The recipe does seem to be more crack prone than my own. I had 2 trays that contained 30% burst shells out of 6. My first split shells in years. I'm pretty sure this was my own fault however, due to my oven temperature dropping nearly 50° after my first batch and then my putting new trays in while the oven bottom was hot and re-pre-heating. The back of my oven is also a hot spot and this is where all the burst shells were located. I allowed my subsequent trays of macarons to go into a properly pre-heated oven and everything worked out fine. Still, these cookies may be a bit more touchy when it comes to bursting.
Another somewhat non-issue issue: this is a rather large recipe. It makes a lot of trays of cookies (about 6 half sheets) and it is difficult to handle and bake that many cookies without allowing some of them to rest for ages on the counter. My advice if you're not going to divide the recipe is to pipe the cookies in stages while baking each batch. Avoid piping all the cookies at once. Macaron batter tends to be fairly stable inside of a piping bag, so pipe out trays and limit the resting time to 10-20 minutes. With prolonged resting periods I was seeing stunted foot formation.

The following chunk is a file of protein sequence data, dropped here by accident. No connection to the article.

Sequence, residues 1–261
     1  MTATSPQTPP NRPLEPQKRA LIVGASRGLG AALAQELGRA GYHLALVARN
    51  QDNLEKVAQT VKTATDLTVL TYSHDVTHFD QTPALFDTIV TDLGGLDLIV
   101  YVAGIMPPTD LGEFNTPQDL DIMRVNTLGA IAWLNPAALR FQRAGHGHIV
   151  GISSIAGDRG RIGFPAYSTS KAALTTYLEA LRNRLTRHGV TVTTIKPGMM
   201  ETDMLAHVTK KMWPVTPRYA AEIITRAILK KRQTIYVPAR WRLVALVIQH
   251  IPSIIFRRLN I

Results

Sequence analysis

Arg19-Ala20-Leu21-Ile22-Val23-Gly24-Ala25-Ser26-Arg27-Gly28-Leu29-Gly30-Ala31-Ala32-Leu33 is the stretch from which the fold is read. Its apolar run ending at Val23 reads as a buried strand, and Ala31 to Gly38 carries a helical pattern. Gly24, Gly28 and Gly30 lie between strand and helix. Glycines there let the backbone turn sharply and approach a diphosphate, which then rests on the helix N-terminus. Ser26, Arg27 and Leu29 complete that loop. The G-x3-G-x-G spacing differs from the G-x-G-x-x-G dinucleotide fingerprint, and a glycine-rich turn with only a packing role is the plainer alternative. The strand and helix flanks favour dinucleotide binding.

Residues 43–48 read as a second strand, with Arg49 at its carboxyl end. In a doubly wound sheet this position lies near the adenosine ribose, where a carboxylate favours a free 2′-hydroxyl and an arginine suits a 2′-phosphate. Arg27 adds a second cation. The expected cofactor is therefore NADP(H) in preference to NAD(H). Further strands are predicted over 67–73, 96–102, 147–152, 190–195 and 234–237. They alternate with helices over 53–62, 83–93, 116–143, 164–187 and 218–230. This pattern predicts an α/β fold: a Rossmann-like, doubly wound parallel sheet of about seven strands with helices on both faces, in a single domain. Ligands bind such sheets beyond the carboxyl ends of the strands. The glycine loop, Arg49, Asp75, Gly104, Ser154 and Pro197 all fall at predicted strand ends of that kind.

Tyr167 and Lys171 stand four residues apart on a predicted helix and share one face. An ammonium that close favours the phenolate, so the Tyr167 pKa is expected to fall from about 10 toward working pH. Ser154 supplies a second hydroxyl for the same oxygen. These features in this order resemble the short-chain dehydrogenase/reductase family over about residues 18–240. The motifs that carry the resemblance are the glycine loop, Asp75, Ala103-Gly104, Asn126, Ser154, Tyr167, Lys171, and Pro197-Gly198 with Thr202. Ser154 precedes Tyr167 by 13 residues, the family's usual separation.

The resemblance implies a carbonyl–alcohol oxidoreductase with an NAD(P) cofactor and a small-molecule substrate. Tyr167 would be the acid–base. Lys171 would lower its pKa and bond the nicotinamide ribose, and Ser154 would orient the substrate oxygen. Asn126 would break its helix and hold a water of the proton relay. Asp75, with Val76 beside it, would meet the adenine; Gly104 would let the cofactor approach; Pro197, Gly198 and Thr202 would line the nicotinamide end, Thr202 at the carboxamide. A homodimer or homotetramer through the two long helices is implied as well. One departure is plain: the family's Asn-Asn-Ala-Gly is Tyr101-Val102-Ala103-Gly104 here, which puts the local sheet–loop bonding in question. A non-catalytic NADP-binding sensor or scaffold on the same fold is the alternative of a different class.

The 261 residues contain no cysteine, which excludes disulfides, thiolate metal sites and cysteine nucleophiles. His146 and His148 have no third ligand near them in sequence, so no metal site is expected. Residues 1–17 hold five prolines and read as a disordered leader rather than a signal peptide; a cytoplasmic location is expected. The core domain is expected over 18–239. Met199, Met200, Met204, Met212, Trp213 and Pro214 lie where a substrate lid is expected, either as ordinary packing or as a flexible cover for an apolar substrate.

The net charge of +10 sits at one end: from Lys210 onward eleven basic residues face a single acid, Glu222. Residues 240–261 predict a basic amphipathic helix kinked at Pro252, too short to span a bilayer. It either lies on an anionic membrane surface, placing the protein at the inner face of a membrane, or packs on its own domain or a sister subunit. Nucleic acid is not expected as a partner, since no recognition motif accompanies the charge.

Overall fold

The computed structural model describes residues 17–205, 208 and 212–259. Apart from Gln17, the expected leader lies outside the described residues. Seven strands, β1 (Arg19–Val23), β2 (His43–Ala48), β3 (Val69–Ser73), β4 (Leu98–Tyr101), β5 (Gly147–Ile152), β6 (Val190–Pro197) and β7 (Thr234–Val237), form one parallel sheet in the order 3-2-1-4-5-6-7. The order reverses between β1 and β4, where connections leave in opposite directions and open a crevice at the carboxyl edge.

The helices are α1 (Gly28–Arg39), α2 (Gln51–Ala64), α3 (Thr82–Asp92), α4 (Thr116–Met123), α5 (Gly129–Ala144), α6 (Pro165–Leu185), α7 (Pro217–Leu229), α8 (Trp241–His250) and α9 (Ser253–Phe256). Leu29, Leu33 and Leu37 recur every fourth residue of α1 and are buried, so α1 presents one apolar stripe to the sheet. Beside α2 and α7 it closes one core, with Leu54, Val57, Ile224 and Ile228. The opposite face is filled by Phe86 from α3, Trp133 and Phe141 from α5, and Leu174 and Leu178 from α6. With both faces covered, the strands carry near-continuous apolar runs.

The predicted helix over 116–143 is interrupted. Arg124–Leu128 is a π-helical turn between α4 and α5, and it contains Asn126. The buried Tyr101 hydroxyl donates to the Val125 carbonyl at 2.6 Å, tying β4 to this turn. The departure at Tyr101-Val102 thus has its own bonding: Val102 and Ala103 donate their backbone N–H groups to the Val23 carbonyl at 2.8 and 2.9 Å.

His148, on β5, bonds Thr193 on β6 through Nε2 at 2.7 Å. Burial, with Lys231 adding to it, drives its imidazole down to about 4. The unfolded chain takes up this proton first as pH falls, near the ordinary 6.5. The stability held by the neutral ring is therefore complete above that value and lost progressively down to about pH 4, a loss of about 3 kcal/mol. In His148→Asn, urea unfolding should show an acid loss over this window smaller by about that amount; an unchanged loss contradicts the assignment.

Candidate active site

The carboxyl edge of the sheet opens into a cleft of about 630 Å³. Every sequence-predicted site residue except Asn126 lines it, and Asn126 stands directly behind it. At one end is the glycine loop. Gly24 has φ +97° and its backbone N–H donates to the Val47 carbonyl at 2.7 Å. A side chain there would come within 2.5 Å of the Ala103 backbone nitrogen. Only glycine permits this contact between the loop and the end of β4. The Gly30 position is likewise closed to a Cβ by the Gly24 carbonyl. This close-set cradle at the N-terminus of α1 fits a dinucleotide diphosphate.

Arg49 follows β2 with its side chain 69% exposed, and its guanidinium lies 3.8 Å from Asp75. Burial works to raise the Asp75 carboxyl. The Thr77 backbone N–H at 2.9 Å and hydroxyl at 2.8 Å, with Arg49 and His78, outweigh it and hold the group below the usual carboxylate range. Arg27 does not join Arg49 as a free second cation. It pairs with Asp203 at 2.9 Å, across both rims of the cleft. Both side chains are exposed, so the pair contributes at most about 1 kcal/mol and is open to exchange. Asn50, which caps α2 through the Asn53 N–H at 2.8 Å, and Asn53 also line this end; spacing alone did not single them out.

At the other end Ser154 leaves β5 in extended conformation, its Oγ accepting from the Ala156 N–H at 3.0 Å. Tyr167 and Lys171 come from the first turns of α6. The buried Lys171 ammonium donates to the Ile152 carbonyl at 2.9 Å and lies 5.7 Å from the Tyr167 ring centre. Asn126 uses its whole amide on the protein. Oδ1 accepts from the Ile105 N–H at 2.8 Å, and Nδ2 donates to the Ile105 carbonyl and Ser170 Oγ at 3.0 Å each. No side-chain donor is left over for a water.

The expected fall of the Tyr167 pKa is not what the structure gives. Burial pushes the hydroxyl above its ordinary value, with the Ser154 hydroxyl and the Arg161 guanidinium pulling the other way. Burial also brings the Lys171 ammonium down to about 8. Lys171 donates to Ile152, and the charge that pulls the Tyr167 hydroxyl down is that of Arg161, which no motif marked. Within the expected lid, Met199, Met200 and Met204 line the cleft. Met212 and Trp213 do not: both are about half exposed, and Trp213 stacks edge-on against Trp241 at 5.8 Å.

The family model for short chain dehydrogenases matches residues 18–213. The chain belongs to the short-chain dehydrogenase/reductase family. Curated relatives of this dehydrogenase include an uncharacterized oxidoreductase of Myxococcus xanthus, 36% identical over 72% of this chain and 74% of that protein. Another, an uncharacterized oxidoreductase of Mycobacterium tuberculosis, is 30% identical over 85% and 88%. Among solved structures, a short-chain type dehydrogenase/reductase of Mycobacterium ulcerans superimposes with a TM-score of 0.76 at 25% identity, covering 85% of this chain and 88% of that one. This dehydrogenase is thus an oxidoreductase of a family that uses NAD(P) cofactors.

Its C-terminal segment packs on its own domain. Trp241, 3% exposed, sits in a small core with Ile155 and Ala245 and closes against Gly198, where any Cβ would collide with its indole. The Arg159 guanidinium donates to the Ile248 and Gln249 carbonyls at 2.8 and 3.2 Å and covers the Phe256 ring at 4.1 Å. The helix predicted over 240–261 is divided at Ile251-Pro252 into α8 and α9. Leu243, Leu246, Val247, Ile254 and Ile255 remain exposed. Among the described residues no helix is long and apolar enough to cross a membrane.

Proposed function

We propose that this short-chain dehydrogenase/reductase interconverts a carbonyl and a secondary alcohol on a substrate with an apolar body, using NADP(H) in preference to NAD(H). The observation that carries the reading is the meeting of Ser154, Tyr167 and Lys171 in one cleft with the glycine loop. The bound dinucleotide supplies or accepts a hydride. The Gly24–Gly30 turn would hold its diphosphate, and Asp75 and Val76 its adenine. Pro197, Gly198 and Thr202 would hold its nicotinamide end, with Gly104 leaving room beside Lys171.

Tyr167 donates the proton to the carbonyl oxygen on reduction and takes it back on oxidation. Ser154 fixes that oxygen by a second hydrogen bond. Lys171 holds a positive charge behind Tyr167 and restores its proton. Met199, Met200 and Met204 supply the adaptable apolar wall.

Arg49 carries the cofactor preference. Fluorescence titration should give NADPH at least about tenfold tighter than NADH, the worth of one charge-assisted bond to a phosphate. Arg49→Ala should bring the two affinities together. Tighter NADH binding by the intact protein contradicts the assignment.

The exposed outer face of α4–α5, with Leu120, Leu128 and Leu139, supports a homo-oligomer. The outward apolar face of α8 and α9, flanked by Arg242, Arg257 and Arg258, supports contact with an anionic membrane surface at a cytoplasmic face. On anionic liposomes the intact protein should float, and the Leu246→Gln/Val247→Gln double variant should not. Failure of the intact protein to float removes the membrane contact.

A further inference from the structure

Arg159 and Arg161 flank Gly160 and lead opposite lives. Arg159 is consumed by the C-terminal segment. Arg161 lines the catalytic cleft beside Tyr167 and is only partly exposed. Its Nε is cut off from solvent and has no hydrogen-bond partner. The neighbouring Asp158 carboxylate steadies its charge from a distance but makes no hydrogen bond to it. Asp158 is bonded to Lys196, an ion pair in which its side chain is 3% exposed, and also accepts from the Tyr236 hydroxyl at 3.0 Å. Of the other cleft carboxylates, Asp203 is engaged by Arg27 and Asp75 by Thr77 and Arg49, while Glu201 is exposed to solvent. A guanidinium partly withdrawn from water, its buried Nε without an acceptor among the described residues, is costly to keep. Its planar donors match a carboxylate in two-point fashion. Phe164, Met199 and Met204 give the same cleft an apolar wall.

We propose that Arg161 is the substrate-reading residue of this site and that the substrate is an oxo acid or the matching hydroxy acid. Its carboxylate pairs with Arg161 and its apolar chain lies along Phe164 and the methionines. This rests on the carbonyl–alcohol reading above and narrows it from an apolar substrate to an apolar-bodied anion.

Taste vs the real thing? Indeed the macarons shells are very similar in looks, taste and texture to bakeries' own cookies. They're very good.
Okay let's get to the recipe. I'll even throw you by-volume cooks a bone for once and include the measurements in cups for the recipe.
Laduree's Macarons Framboise
From Ladurée's Sucre: The Recipes
Yields approximately 50-60 1" cookies
275g (2 3/4 cups + 1 tbsp) ground almonds (almond flour)
250g (2 cups + 1 tbsp) confectioners (icing) sugar
210g (6 1/2) egg whites (I used fresh egg whites)
210g (1 cup + 1 tbsp) granulated sugar
a few drops red or maroon food coloring gel
Raspberry Jam Filling
225g (1 cup + 2 tbsp) granulated sugar